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Hypertrophic Cardiomyopathy: How to Treat Patients at Risk?
Puni tekst: engleski, pdf (144 KB)
APA 6th Edition
Petrač, D. (2000). Hypertrophic Cardiomyopathy: How to Treat Patients at Risk?. Acta clinica Croatica, 39 (4), 247-255. Preuzeto s https://hrcak.srce.hr/14982
MLA 8th Edition
Petrač, Dubravko. "Hypertrophic Cardiomyopathy: How to Treat Patients at Risk?." Acta clinica Croatica, vol. 39, br. 4, 2000, str. 247-255. https://hrcak.srce.hr/14982. Citirano 18.06.2018.
Chicago 17th Edition
Petrač, Dubravko. "Hypertrophic Cardiomyopathy: How to Treat Patients at Risk?." Acta clinica Croatica 39, br. 4 (2000): 247-255. https://hrcak.srce.hr/14982
Hypertrophic cardiomyopathy is a primary cardiac muscle disease with clinical manifestations that vary from a benign asymptomatic course to severe heart failure or cardiac arrest. Therefore, the identification of individual risk of sudden cardiac death is the first step in the treatment of patients with hypertrophic cardiomyopathy. The factors that best identify high risk patients include a history of cardiac arrest or syncope, inducible sustained ventricular tachyarrhythmia, nonsustained ventricular tachycardia in symptomatic patients, presence of ischemia associated with hypotension in children, and presence of mutations in the beta-myosin heavy chain along with family history of sudden cardiac death. The treatment of patients with hypertrophic cardiomyopathy depends on the symptoms and risk degree. Patients with cardiac arrest, sustained ventricular tachycardia, or inducible sustained ventricular tachyarrhythmia during programmed ventricular stimulation have an indication for implantable cardioverter-defibrillator. Patients with the symptoms of impaired consciousness and nonsustained ventricular tachycardia without inducible sustained ventricular tachyarrhythmias can be treated with amiodarone. Asymptomatic patients with nonsustained ventricular tachycardia do not need prophylactic drug therapy, because their prognosis is the same as the prognosis of asymptomatic patients without such tachycardia. Asymptomatic patients with two or more risk factors are candidates for electrophysiological testing and subsequent pharmacological or nonpharmacological therapy. On the other hand, asymptomatic patients free from risk factors have a good prognosis and should be allowed to lead a normal life. However, in young asymptomatic patients or athletes, discontinuation of competitive, high- and medium-grade physical activity is mandatory, because this measure significantly reduces their risk of sudden cardiac death.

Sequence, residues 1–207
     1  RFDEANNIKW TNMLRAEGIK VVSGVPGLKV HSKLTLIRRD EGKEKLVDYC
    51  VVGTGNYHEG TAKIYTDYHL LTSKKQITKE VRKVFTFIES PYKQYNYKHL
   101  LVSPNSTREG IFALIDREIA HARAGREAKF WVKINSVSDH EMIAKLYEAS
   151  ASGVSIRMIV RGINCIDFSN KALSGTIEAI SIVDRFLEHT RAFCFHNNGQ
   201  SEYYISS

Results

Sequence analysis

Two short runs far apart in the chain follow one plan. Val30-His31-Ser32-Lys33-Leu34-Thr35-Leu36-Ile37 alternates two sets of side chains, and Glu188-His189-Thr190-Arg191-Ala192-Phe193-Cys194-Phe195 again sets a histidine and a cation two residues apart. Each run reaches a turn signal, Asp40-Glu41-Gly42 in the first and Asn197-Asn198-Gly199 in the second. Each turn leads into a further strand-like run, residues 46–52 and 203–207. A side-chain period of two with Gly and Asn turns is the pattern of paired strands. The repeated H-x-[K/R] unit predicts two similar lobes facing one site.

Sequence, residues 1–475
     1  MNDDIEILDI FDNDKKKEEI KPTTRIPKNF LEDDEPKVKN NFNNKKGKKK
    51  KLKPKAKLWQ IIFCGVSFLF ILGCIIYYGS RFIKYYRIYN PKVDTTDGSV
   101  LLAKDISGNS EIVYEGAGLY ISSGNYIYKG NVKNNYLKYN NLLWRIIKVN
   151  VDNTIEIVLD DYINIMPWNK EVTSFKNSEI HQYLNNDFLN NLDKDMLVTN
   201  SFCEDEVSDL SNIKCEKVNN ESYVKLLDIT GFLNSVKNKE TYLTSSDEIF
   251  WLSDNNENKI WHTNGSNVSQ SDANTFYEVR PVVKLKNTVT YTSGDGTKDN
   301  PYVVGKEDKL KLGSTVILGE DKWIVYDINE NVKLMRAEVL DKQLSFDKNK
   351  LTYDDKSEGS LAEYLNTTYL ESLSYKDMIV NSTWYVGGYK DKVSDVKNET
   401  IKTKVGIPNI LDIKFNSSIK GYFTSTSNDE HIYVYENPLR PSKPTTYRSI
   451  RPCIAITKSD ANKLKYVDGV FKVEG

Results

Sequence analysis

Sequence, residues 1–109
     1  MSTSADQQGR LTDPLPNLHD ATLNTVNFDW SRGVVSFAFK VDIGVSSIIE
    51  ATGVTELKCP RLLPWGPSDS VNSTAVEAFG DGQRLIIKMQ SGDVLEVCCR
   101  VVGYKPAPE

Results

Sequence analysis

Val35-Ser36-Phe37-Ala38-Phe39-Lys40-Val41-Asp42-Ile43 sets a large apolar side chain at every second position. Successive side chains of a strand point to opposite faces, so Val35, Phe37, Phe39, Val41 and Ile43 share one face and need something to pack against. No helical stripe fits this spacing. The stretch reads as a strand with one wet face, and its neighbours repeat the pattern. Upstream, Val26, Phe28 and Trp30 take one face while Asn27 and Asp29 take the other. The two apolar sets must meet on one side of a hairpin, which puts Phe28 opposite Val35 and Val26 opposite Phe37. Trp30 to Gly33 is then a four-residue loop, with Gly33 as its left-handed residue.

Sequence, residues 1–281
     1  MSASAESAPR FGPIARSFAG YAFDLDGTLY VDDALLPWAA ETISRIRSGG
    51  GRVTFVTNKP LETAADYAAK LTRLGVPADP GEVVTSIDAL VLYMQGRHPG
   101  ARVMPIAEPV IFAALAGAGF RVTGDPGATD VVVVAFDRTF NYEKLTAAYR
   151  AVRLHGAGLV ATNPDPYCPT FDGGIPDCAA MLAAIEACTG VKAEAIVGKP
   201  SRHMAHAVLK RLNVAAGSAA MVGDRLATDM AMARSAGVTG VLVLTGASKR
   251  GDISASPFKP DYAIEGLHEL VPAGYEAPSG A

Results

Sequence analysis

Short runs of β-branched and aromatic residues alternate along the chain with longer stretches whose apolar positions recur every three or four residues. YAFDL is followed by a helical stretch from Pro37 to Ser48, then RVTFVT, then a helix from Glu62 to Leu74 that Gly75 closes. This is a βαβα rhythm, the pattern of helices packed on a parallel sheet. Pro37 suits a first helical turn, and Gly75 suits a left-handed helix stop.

Cardiomyopathy, hypertrophic, complications; Cardiomyopathy, hypertrophic, therapy; Death, sudden, cardiac; Risk factors
Hrčak ID: 14982
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